Bahaa Hariri wrote the following on “Arabian Gulf Business Insight”:
On Sunday October 23, 1983, the Beirut hotel housing the US contingent to the Multinational Force in Lebanon was bombed, killing 220 Marines, 18 Navy personnel and three members of the Army. While this terrible event showed the risks of involvement in Lebanon, it’s time for the US to once again take the lead.
There are those in Lebanon seeking real and lasting change, and they are hoping to see this begin with the parliamentary elections on May 15. There are numerous opposition parties running candidates, and there’s energy and drive in those seeking to build a better Lebanon.
But Lebanon’s sectarian system is of concern, as is staff recruitment at the polling stations, and even whether there will be enough electrical power to allow for ballot counting at night. But overriding these concerns is Iran and its proxy terrorist organisation, Hezbollah.
Hezbollah, and therefore Iran, could end up not just being the veto power in the government, as it is now, but leading the government. The opposition, while energised, is splintered and has not coalesced around a single person, party or platform.
The fact is that Lebanon cannot make the changes needed without outside support. This doesn’t mean direct US military involvement, but it does mean US leadership to help guide the country away from continued corruption, political mismanagement and the influence of Hezbollah.
I am supporting Sawa li Lubnan (Sawa), which is a cross-sectarian Lebanese political movement committed to democratic values, human rights and the decentralisation of authority. It seeks to replace corrupt politicians and warlords with a new generation of leaders to achieve meaningful reform in the country.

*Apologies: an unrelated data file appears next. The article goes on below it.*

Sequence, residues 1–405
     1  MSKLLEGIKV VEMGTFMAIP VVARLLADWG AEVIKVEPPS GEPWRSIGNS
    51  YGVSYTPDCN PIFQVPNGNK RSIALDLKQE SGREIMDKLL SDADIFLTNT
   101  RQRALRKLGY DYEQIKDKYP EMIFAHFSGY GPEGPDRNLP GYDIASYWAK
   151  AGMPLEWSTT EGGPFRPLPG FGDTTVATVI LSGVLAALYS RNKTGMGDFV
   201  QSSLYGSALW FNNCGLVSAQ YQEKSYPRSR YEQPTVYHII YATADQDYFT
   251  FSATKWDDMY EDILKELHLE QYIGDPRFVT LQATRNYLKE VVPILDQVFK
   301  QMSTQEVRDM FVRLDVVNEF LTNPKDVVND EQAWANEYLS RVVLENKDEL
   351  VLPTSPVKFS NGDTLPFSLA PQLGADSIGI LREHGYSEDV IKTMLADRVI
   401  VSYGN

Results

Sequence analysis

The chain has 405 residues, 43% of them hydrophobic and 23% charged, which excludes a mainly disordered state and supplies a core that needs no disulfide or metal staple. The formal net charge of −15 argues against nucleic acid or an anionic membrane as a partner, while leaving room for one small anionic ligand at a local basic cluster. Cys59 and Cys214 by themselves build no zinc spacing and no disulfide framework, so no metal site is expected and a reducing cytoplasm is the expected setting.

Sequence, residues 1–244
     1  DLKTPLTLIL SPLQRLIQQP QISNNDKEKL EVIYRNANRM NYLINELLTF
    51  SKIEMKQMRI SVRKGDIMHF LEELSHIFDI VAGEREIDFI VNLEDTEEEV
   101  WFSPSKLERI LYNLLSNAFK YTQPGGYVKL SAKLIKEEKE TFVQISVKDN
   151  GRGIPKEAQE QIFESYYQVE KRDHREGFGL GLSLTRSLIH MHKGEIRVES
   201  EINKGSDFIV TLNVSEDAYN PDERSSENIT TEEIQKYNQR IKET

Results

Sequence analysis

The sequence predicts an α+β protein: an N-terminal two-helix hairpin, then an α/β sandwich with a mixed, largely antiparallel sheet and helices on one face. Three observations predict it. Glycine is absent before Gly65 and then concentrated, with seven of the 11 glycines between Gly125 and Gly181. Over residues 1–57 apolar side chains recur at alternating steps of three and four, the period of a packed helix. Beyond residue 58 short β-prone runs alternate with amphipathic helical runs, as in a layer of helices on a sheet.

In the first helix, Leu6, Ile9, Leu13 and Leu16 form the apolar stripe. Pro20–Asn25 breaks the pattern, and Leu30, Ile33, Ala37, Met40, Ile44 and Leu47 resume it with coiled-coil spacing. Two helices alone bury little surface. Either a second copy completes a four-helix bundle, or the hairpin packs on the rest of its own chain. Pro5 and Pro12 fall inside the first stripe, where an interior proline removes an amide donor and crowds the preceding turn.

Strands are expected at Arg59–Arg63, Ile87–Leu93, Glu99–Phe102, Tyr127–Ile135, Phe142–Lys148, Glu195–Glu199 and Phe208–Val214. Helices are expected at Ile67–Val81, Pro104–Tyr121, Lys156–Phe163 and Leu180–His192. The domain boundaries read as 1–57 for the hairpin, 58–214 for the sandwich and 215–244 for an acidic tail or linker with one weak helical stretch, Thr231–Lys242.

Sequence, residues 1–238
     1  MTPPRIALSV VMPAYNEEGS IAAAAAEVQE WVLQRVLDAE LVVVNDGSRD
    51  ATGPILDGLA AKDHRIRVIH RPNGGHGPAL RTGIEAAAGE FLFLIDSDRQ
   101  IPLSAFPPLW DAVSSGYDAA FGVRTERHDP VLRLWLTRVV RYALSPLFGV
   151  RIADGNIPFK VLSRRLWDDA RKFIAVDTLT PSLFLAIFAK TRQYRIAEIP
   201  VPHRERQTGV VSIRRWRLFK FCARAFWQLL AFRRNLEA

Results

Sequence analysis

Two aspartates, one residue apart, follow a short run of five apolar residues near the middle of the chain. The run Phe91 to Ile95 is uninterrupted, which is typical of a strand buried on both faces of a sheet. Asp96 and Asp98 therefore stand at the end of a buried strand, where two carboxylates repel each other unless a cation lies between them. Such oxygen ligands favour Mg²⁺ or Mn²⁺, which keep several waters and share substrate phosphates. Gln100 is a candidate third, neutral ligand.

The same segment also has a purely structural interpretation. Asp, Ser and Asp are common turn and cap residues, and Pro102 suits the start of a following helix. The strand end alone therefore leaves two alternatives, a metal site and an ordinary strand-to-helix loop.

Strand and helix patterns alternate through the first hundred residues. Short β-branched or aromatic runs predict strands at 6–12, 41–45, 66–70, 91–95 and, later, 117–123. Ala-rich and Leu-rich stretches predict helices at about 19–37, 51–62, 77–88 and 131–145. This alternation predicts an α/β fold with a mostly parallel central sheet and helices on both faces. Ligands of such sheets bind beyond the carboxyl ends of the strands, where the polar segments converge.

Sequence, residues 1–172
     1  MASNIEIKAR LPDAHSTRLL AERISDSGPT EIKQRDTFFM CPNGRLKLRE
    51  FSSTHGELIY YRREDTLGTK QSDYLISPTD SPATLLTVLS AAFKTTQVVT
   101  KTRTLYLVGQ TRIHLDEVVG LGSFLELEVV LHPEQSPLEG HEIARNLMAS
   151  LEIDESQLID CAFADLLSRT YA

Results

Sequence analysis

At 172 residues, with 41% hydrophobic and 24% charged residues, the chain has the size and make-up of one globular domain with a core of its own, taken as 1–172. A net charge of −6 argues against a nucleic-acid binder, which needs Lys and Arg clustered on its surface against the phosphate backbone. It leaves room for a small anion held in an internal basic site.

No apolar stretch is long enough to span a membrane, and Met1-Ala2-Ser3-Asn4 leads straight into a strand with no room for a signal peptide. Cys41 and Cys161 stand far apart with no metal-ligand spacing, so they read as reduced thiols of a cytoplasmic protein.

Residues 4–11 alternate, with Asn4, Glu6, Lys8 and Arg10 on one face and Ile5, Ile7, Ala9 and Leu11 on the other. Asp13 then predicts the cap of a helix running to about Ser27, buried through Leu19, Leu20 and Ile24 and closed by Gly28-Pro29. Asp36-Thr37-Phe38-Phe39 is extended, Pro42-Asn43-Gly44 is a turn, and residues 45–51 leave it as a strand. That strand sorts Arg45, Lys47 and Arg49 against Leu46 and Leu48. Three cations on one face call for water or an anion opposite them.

Sawa endeavours to build a modern and stable state, based on the principle of the rule of law, institutions, justice, transparency, and equal opportunities for all people. Although such aspirations have become bromides among the political classes, Sawa’s commitment to reform is demonstrated by its democratic structure.
However, even a truly democratic, grassroots organisation cannot solve the problems of Lebanon alone. We need the US to continue to sanction those connected to terrorism, those helping Iran fund Hezbollah, and those officials plundering the country to pad their own bank accounts.
We also need to ensure that the US uses its influence with international financial organisations to ensure more funds are provided, only after promised reforms have been delivered, not before.
Finally, we need the international community – led by the US – to stand up to Hezbollah and state they will not deal with a government controlled by a terrorist organisation.
The people of Lebanon cannot do this alone. It’s time for the US to take a more proactive role.